Charles White’s Artworks Made Him an Icon for Black Artists

Tess Thackara
Oct 11, 2018 2:56PM

Charles White, Sound of Silence, 1978. © 1953 The Charles White Archives. Courtesy of The Museum of Modern Art.

In the 1940s, Charles White made some drawings and paintings that his mother wasn’t sold on. They were too angular and stylized; she didn’t understand what he was doing, why he’d abstracted his subjects’ bodies. White was apparently troubled by this, because ultimately, “he made the decision that he was going to make images that she could see and understand,” said Esther Adler, curator of the Museum of Modern Art’s recently opened retrospective of the pioneering artist’s work, which traveled from the Art Institute of Chicago.

White’s figures grew more realistic in the 1950s, even as the backgrounds of his paintings by and large dissolved away, leading to some of the 20th century’s most monumental images of African-Americans. There’s Harriet Tubman seated on a heavy rock that seems suspended in space; White’s iconic Black Pope (Sandwich Board Man) (1973), dressed in a sandwich board and aviator sunglasses, posed against an abstracted background with a skeleton hanging behind him; ordinary black men and women emerging from empty space or flat backdrops, stoic and defiant.

Charles White, Headlines, 1944. © The Charles White Archives. Photo by Gregory R. Staley. Courtesy of The Museum of Modern Art.

Charles White, Soldier, 1944. © The Charles White Archives. Courtesy of the Huntington Art Collections


White’s influence is difficult to overstate, due in part to the immediacy of his work—the sculptural presence of his figures and the emotional force of his compositions—as well as his legacy as a longtime teacher and mentor to students at L.A.’s Otis College in the 1960s and ’70s, when only a handful of black artists had achieved national prominence in the United States. (A survey pairing White’s work with that of some of the younger talents he fostered goes on view at the Los Angeles County Museum of Art early next year.)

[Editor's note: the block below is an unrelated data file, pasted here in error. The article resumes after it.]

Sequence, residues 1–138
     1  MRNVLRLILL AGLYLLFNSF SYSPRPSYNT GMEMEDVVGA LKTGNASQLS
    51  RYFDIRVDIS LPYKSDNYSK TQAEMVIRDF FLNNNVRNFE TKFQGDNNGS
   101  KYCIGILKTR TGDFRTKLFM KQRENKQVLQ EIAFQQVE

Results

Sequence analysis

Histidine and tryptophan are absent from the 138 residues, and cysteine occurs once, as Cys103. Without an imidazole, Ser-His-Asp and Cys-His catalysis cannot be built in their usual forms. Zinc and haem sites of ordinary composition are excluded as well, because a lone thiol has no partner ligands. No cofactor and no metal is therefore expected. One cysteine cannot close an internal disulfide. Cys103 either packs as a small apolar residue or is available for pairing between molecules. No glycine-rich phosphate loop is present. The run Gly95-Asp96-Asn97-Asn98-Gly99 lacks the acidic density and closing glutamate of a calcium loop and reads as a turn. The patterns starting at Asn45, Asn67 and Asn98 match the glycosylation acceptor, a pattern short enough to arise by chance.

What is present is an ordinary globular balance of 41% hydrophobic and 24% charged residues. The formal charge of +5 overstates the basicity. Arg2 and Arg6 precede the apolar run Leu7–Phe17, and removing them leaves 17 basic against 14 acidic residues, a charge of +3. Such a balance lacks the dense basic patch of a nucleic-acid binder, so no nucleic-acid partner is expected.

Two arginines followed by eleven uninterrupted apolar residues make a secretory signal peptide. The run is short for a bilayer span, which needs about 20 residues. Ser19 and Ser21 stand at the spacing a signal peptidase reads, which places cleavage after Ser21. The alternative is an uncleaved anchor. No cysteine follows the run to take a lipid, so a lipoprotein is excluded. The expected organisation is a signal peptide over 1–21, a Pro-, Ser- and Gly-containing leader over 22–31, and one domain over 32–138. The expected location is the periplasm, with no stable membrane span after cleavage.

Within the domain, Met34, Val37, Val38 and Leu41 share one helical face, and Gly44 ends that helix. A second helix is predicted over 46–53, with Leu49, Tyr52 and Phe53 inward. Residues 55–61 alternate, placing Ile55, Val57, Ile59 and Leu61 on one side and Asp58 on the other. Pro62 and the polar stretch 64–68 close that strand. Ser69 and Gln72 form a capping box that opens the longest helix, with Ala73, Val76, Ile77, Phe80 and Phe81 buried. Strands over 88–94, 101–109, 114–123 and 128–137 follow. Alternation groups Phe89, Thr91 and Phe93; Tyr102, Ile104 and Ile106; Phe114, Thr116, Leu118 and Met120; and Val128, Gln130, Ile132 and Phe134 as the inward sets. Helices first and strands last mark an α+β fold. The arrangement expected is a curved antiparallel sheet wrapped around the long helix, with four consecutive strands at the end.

“He was a kind of spiritual father for many of us,” wrote celebrated contemporary painter Kerry James Marshall, who studied under White at Otis, in the catalogue for the exhibition. “Nobody else has drawn the body with more elegance and authority. No other artist has inspired my own devotion to a career in image making more than he did.” For artist David Hammons, White’s mere existence came as something of an epiphany. “I never knew there were ‘black’ painters, or artists,” he said in 1970. “There’s no way I could have got the information in my art history classes.”

White came of age in Chicago during the Great Depression, when social realist art (in the vein of Thomas Hart Benton, or a little later, Jacob Lawrence) was viewed as a legitimate vehicle for change. He had visited the Art Institute of Chicago as a child, drawing in the galleries, taking in El Greco’s awe-inspiring The Assumption of the Virgin (1577–79). As a teenager, he read and was affected by Harlem Renaissance thinker Alain Locke’s influential anthology The New Negro: An Interpretation, which framed art as central to advancing the position of African-Americans. He paid attention to the book’s reproductions of Winold Reiss’s portraits of black Americans. He later cited Francisco de Goya and Käthe Kollwitz—figurative artists who made prints and drawings, and whose work dealt with social history—as strong influences.

Charles White, Folksinger, 1957. © The Charles White Archives. Photo by Christopher Burke Studios. Courtesy of The Museum of Modern Art.

Charles White, Work (Young Worker), 1953. © The Charles White Archives/ Charles White. Photo by Christopher Burke Studio. Courtesy of The Museum of the Modern Art.

He began working for the Works Progress Administration in 1938, and for the next six years, he would devote himself to working on large-scale murals like The Contribution of the Negro to Democracy in America (1943) at Hampton University in Virginia. It’s a fiery maelstrom of an image, dominated by a pair of clenched fists that are set to break through chains as Booker T. Washington, Harriet Tubman, Frederick Douglass, and other black liberators look on. It recalls Diego Rivera’s Detroit murals, made 10 years earlier (indeed, White and artist Elizabeth Catlett, who was then his wife, would travel to Mexico in 1946 and work with Rivera).